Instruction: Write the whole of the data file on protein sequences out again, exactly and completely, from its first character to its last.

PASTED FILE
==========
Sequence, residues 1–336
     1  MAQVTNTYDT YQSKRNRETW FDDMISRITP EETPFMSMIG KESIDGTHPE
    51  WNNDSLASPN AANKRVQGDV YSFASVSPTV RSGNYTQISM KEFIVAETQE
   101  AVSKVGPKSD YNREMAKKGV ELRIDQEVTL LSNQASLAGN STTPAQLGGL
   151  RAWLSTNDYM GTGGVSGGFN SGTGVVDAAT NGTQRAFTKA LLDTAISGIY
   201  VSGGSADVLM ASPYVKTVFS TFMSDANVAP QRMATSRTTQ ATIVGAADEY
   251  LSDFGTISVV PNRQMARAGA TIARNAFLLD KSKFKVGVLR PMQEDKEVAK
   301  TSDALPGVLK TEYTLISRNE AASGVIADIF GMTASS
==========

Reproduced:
Sequence, residues 1–336
     1  MAQVTNTYDT YQSKRNRETW FDDMISRITP EETPFMSMIG KESIDGTHPE
    51  WNNDSLASPN AANKRVQGDV YSFASVSPTV RSGNYTQISM KEFIVAETQE
   101  AVSKVGPKSD YNREMAKKGV ELRIDQEVTL LSNQASLAGN STTPAQLGGL
   151  RAWLSTNDYM GTGGVSGGFN SGTGVVDAAT NGTQRAFTKA LLDTAISGIY
   201  VSGGSADVLM ASPYVKTVFS TFMSDANVAP QRMATSRTTQ ATIVGAADEY
   251  LSDFGTISVV PNRQMARAGA TIARNAFLLD KSKFKVGVLR PMQEDKEVAK
   301  TSDALPGVLK TEYTLISRNE AASGVIADIF GMTASS